Published January 30, 2013
Grand River: problems and potential
By Sara Kandel firstname.lastname@example.org
FARMINGTON HILLS — The Grand River Corridor Improvement Authority hosted a group of community leaders, residents and business owners for a visioning summit at the Costick Center Jan. 23.
The purpose of the summit was to gain community feedback on the Grand River corridor, which stretches from Eight Mile to Power Road.
“Entice businesses with money and grants to beautify themselves,” said Tom Khalil, the 54-year-old owner of an A&W restaurant on Grand River in Farmington. “I maintain my building. The grass is cut. I pick up the trash. The parking lot is good. If everyone takes care of their own, then it will work, and if they cannot do it, (that) needs to be enforced by the city.”
“I think it needs more shrubs along the way to hide some of the poorly designed businesses,” said Brigitte Brey, a Farmington resident. “Trees and shrubs all along there.”
The majority of the summit was spent with attendees broken up into groups run by facilitators who asked them to share their ideas on what would make a better Grand River in the future and to identify areas that should be improved, enhanced or completely re-thought.
“If it is a reasonable thing to do, then my idea is for Farmington public services to do walk-throughs, like we do at Valley View, and pick-up the litter and look for things that need to be fixed,” said 64-year-old Farmington resident Tom Howard.
“One idea is to improve the walkability, crossability and the green space accessibility for pedestrians and bicyclists,” offered 53-year-old Farmington Hills resident and business owner Cas Plotski.
Many of the ideas stemmed from issues with walkability and transit. To help participants better identify specific areas that need improvements, or that are positive features and should be enhanced, the corridor was divided into three districts: the southern district, which runs from Eight Mile Road to just south of Middlebelt Road; the middle district, which runs between Middlebelt and Nine Mile roads; and the north district, which runs from Nine Mile Road to Mayfield Street.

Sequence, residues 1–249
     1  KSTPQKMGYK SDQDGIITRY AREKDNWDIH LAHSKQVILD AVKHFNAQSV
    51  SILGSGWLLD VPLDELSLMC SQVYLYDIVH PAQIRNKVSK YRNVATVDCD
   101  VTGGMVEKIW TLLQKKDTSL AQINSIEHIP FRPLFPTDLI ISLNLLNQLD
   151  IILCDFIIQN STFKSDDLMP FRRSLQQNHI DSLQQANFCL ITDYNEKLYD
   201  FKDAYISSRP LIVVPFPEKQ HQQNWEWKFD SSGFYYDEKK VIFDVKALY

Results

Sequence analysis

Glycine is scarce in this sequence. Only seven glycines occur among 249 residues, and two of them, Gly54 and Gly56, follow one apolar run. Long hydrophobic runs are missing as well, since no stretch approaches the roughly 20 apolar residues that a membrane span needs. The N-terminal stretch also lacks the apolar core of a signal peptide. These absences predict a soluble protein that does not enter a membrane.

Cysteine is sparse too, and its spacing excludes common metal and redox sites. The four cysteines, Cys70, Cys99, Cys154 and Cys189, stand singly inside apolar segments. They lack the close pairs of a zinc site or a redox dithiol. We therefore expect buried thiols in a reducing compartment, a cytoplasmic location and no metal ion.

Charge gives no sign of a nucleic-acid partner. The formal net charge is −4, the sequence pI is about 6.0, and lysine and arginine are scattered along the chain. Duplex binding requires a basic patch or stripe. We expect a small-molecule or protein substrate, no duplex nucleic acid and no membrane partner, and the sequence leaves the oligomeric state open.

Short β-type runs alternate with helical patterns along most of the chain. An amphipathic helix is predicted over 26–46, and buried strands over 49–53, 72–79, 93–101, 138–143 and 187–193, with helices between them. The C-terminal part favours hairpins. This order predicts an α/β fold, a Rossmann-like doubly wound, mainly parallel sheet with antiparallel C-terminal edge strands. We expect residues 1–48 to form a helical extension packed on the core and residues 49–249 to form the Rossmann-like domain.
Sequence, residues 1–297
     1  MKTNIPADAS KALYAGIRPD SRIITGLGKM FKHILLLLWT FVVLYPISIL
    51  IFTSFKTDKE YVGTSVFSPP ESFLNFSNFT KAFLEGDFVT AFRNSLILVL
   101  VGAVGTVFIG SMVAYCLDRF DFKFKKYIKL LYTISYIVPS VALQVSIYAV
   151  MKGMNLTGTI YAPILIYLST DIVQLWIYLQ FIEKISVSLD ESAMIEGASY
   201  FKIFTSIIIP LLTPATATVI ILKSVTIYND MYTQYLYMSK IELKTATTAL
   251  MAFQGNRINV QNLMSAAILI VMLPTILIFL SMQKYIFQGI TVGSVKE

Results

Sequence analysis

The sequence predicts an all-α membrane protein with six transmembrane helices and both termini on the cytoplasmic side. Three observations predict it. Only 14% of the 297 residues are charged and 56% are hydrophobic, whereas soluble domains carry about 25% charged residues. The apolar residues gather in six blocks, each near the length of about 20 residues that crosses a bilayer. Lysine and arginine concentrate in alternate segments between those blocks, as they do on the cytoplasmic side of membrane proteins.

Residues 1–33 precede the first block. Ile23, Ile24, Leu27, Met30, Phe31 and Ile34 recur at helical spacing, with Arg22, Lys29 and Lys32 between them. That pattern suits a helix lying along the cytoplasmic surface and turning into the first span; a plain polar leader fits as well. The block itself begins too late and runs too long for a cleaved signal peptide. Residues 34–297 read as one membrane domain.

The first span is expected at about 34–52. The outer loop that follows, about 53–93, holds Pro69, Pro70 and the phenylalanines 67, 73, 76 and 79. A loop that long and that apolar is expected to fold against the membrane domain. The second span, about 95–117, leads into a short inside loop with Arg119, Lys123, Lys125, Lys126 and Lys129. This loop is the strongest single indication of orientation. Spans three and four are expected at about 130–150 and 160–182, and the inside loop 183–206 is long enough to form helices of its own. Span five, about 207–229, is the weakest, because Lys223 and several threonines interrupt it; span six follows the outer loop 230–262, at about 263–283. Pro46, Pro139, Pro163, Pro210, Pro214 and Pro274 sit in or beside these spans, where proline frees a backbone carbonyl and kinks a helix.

“In the southern-half of the middle district and in the southern district, we need to make it easier to get in and out of businesses because the speed of the traffic is such that, if you don’t know where you’re going or you don’t know where the driveway is, it’s a major hazard,” said Tony Haight, a 55-year-old Farmington Hills resident and owner of Helping Hands.
Farmington Councilman Bill Galvin suggested rapid transit.
“I’d like to make the whole corridor more pedestrian-friendly and to attract the bus rapid-transit system, which is set to go up on Gratiot, Woodward and Ford or Michigan Avenue, but I would like to bring it through Grand River all the way to Novi,” said Galvin, who also suggested moving telephone poles and utility lines below ground.
“Get them underground and make it a little more aesthetically pleasing. I think the aesthetic goes along with everything — the walkability, the shrubbery, the green spaces.”
After sharing their ideas, participants were asked to place red, yellow and green stickers on a map of the corridor to indicate the locations of areas that are positive, negative and neutral but needing improvement. At the end of the night, facilitators shared a few of the ideas that emerged from their tables and collected the idea lists and maps. Later, the authority, along with planning consultants from OHM, will use the information collected to develop a master plan for the corridor.
“This is a grass-roots, community-driven board,” said OHM consultant Aaron Domini of the authority board. “The purpose of the meeting tonight is to really listen to the community. Today, we want to listen, share our ideas, dream about the future and try to be agents of change for this corridor. Your ideas are going to help us create those plans and drawings that will guide the project in the future.”
Another summit will be held to showcase findings of the visioning summit. For more information on the Grand River Corridor Improvement Authority, call (248) 871-2507 or visit www.fhgov.com/grand river.